SECOND SECTION

CASE OF GARKUSHA v. UKRAINE

(Application no. 4629/03)

JUDGMENT

STRASBOURG

13 December 2005

FINAL

13/03/2006

This judgment will become final in the circumstances set out in Article 44 § 2 of the Convention. It may be subject to editorial revision.

 

In the case of Garkusha v. Ukraine,

The European Court of Human Rights (Second Section), sitting as a Chamber composed of:

Mr A.B. Baka, President
 Mr I. Cabral Barreto
 Mr K. Jungwiert
 Mr V. Butkevych
 Mr M. Ugrekhelidze
 Ms D. Jočienė, 
 Mr D. Popović, judges
and Mrs S. Dollé, Section Registrar,

Having deliberated in private on 22 November 2005,

Delivers the following judgment, which was adopted on that date:

PROCEDURE

1.  The case originated in an application (no. 4629/03) against Ukraine lodged with the Court under Article 34 of the Convention for the Protection of Human Rights and Fundamental Freedoms (“the Convention”) by a Ukrainian national, Mr Vladimir Aleksandrovich Garkusha (“the applicant”), on 16 December 2002.

2.  The Ukrainian Government (“the Government”) were represented by their Agent, Mrs V. Lutkovska.

3.  On 23 November 2004 the Court decided to communicate the application to the Government. Under the provisions of Article 29 § 3 of the Convention, it decided to examine the merits of the application at the same time as its admissibility.

THE FACTS

I.  THE CIRCUMSTANCES OF THE CASE

4.  The applicant was born in 1937 and lives in the town of Dnipryany, the Kherson region.

5.  On 15 January 2002 the Nova-Kakhovka Town Court ordered the Joint Stock Company “Pivdenelektronmash”, in which the State held 75% of the share capital, to pay the applicant UAH 4,831.831 in salary arrears. At that time there were bankruptcy proceedings pending against the debtor company.

6.  On 21 February 2002 the Nova-Kakhovka Town Bailiffs’ Service instituted enforcement proceedings.

7.  On the same date the Bailiffs’ Service suspended the enforcement proceedings because of the fact that the procedure for the forced sale of assets belonging to the debtor had been suspended by the moratorium on the forced sale of property belonging to State enterprises introduced by the Law of 29 November 2001.

8.  On 3 June 2002 the Nova-Kakhovka Town Court, following the applicant’s request, quashed that decision.

9.  On 26 June 2002 the Bailiffs’ Service terminated the enforcement proceedings in view of the tax lien placed on the debtor’s property and its lack of funds.

10.  On 15 October 2002 the same court quashed the decision of the Bailiffs’ Service and ordered the latter to resume the enforcement proceedings.

11.  On 20 December 2002 the Bailiffs’ Service suspended the enforcement proceedings due to the bankruptcy proceedings pending against the debtor company.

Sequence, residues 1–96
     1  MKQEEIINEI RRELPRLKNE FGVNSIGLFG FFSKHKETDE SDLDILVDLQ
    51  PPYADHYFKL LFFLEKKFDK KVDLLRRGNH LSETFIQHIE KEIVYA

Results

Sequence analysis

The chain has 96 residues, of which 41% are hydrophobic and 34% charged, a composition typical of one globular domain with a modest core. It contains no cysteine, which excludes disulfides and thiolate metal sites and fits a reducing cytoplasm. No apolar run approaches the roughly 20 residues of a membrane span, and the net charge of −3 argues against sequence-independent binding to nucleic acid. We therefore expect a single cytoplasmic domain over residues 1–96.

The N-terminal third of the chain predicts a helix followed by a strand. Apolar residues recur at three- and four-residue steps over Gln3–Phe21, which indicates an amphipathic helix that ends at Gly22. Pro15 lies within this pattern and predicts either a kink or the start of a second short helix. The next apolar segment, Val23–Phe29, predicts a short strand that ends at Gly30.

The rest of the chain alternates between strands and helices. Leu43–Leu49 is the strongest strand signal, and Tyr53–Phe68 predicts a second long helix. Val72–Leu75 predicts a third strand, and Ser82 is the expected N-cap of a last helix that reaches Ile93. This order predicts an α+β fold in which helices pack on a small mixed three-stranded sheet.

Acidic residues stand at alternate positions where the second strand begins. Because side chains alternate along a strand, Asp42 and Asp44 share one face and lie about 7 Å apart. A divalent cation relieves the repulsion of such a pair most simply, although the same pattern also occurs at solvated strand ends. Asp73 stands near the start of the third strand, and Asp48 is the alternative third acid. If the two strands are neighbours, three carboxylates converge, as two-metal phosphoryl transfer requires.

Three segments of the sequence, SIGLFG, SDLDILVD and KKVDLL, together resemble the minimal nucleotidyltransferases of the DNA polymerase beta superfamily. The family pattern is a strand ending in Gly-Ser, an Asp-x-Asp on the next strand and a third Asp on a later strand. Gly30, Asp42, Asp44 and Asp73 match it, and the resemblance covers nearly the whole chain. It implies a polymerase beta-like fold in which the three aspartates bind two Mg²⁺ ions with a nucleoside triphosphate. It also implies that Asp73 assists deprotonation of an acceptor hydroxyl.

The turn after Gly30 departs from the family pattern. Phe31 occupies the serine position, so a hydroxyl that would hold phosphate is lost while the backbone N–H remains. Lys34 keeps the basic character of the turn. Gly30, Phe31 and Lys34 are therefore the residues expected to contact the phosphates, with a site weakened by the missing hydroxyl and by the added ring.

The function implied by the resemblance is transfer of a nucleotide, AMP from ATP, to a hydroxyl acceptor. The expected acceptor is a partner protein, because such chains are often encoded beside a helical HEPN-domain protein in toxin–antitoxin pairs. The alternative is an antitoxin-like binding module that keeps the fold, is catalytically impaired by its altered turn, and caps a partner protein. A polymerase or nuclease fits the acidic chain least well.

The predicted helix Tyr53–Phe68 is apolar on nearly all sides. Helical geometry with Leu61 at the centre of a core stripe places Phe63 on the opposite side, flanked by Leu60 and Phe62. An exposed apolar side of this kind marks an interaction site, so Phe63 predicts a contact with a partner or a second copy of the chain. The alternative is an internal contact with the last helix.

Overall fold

12.  On 4 February 2003 the same court quashed the decision of 20 December 2002 and ordered the Bailiffs’ Service to renew the enforcement proceedings. On 20 May 2003 the Kherson Regional Court of Appeal upheld decision of the first instance court.

13.  In November 2003 the applicant was paid UAH 1,6352.

14.  In April 2004 the applicant instituted proceedings in the Nova-Kakhovka Town Court against the Bailiffs’ Service, seeking compensation for failure to enforce the judgment given in his favour. On 7 October 2004 the court rejected the applicant’s claim as unsubstantiated. The applicant did not appeal against that decision.

15.  The judgment in the applicant’s favour remains to a large extent unenforced, the outstanding debt being UAH 3,196.833.

II.  RELEVANT DOMESTIC LAW

16.  The relevant domestic law is summarised in the judgment of Sokur v. Ukraine (no. 29439/02, §§ 18-22, 26 April 2005).

THE LAW

17.  The applicant complained about the State authorities’ failure to enforce the judgment of the Nova-Kakhovka Town Court of 15 January 2002 in full and in due time. He invoked Article 6 § 1 of the Convention and Article 1 of Protocol No. 1, which provide, insofar as relevant, as follows:

Article 6 § 1

“In the determination of his civil rights and obligations ... everyone is entitled to a fair and public hearing within a reasonable time by an independent and impartial tribunal established by law. ...”

Article 1 of Protocol No. 1

“Every natural or legal person is entitled to the peaceful enjoyment of his possessions. No one shall be deprived of his possessions except in the public interest and subject to the conditions provided for by law and by the general principles of international law.

The preceding provisions shall not, however, in any way impair the right of a State to enforce such laws as it deems necessary to control the use of property in accordance with the general interest ....”

I.  ADMISSIBILITY